NEW DELHI: More than 4,500 sex workers live in the dingy lanes off Swami Shradhanand Marg in the national capital’s Chandni Chowk constituency. It’s one dark corner that politicians generally skip. But as campaigning reaches fever pitch for polling here on April 10 some party workers have come by distributing voter slips.
Move out of the capital and similar stories of neglect, violence, deprivation and denial abound among sex workers. Angry voices cry out from Mumbai’s Kamatipura, Sonagachhi in Kolkata and grimy redlight districts of other cities where the aware struggle to rise above their wretched conditions and make their presence known as human beings – just like others in the mainstream.
Fed up over neglect, these elections, probably for the
first time ever, rights groups led by sex workers are exploring the option of pressing the NOTA button across the country. Why won’t they? Sex workers don’t figure on any political party’s manifesto.
There’s no official data on their exact numbers. In fact, the only available data comes from a 2004 study by Gram Niyojan Kendra for the Union women and child development ministry. It puts their numbers nationally at over 28 lakh .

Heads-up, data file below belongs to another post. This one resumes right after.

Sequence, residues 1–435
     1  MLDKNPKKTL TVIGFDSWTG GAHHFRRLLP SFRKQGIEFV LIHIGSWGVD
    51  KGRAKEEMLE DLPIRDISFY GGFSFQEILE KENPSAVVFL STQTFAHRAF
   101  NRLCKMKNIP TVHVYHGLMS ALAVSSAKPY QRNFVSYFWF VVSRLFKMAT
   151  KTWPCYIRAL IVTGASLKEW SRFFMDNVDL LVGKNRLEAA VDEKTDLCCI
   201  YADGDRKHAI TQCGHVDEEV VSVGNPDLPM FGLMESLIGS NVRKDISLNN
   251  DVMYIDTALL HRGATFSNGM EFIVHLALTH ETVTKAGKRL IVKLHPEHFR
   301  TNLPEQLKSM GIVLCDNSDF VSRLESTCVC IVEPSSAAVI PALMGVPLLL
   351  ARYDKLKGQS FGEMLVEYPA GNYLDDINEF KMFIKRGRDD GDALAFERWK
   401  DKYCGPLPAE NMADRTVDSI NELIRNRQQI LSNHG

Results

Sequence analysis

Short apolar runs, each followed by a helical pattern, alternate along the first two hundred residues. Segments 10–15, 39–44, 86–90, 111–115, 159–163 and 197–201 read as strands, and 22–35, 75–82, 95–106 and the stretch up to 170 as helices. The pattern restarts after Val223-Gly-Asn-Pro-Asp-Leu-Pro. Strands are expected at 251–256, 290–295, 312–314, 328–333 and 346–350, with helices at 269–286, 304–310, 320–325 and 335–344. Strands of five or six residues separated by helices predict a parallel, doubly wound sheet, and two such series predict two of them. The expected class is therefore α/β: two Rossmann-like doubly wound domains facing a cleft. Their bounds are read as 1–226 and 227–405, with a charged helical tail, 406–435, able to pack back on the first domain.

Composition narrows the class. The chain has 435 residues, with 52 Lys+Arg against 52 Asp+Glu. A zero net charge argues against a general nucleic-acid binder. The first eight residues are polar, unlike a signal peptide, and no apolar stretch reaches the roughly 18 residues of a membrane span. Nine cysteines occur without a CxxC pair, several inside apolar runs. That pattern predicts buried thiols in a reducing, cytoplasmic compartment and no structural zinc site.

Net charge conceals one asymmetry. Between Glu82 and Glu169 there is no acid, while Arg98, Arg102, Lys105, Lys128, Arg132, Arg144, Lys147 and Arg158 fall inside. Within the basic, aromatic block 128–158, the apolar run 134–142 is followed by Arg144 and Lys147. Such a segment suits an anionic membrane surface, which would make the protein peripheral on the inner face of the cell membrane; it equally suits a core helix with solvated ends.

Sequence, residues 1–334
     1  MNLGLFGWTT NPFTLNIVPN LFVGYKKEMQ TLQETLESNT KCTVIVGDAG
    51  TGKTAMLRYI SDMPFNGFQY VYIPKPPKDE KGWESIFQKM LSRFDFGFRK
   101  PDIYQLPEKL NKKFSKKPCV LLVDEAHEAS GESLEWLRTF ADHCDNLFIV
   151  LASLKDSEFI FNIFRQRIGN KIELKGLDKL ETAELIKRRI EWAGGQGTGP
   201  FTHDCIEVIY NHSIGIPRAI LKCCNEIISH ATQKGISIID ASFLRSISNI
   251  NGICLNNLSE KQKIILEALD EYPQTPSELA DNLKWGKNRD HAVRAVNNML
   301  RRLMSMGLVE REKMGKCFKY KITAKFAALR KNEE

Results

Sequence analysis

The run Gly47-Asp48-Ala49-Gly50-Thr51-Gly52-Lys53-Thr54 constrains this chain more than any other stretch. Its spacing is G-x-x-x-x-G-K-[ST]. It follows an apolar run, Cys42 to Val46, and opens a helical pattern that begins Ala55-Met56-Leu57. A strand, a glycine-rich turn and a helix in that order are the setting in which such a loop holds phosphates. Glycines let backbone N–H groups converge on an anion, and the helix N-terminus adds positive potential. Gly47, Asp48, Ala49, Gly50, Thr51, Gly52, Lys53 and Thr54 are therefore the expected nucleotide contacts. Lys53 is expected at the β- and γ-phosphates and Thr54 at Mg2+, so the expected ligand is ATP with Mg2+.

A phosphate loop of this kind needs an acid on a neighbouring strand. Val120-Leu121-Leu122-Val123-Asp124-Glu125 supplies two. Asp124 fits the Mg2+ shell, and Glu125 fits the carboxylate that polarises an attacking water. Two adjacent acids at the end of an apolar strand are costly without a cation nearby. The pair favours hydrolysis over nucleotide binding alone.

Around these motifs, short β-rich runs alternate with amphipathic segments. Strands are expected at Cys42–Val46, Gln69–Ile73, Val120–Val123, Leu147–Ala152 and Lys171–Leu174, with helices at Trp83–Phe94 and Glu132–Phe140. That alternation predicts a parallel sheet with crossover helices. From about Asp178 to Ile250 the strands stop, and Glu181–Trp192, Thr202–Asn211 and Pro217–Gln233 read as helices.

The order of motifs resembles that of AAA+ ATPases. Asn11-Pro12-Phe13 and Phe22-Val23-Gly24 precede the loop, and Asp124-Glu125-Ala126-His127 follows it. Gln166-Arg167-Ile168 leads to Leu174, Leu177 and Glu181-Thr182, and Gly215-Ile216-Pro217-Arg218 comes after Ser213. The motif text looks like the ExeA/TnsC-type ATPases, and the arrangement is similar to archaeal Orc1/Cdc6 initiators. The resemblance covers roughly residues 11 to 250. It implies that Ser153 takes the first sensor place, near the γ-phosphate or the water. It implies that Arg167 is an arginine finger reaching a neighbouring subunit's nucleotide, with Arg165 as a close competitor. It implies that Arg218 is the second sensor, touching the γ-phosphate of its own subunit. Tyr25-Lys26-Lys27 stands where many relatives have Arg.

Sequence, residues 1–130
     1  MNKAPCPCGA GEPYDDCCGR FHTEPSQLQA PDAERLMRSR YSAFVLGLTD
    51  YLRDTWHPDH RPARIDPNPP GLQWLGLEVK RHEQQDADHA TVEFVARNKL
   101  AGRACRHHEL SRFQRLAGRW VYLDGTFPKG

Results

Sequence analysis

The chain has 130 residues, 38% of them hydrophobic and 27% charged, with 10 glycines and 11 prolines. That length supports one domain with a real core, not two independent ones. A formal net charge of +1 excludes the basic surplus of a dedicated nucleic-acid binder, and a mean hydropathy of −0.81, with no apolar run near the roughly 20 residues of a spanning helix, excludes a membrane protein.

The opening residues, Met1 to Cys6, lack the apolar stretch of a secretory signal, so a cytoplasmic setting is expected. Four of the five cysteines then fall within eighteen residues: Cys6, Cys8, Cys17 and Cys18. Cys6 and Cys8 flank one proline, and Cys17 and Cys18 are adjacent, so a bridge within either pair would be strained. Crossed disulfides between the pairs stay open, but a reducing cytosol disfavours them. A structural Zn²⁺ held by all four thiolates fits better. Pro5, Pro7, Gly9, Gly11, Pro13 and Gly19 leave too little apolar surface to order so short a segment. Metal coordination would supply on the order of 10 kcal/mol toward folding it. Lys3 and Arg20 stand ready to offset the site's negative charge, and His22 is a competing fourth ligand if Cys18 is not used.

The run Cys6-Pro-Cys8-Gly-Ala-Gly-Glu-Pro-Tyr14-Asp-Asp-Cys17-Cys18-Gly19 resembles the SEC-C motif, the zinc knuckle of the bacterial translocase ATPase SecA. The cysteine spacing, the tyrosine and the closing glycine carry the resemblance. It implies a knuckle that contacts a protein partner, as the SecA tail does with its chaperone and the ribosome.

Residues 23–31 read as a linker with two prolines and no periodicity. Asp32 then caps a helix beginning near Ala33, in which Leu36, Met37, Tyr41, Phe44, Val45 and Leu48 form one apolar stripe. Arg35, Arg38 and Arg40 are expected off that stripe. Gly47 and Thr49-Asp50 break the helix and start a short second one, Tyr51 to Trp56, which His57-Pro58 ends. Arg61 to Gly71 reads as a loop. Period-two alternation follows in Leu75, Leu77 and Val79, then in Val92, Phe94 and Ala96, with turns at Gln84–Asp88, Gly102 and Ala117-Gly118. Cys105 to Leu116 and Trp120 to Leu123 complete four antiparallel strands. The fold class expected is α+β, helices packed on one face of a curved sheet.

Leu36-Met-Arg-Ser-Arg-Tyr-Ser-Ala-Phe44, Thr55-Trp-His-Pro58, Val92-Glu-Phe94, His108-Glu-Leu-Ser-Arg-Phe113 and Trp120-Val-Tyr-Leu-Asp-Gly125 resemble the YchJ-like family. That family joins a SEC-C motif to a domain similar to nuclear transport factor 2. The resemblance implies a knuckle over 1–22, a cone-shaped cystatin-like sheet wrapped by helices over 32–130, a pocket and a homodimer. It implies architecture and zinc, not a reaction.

TOI met some of them to give a voice to their demands. At Delhi’s GB Road about 2,000 sex workers are enrolled as voters. At NGO Shakti Vahini’s office, sex workers had converged to discuss their demands. Asked about the polls, many raised their hands to say they had voter cards. “Just before the polls, parties carry out padyatras, sometimes party workers drop by with voter slips. That’s all. After elections, no one enters our locality,” a sex worker Maya (name changed) says.
She’s lived in G B Road for 25 years and belongs to a poor Kolhapur family. She has a grown-up son who knows nothing about her work. She worries for her future as her son doesn’t want her to move in with him when he marries. Alone and ageing, Maya says she and many like her will end up on the streets. “We must be given a pension,” she says. Others join in to say they know nothing about government schemes and they can’t venture out for fear of the brothel owners.
An initiative by the Wada Toro Abhiyan to draw up a charter of sex workers’ demands as part of the process of developing a “Peoples Manifesto” saw women from the Kolkata red light districts of Kalighat, Sonagachhi and Bowbazar demand rehabilitation for those who want to join the mainstream.
Many want to leave the sex trade and lead dignified lives. “A rehabilitation plan should be declared,” the charter says.
Move out of the capital and similar stories of neglect, violence, deprivation and denial abound among sex workers. Angry voic ..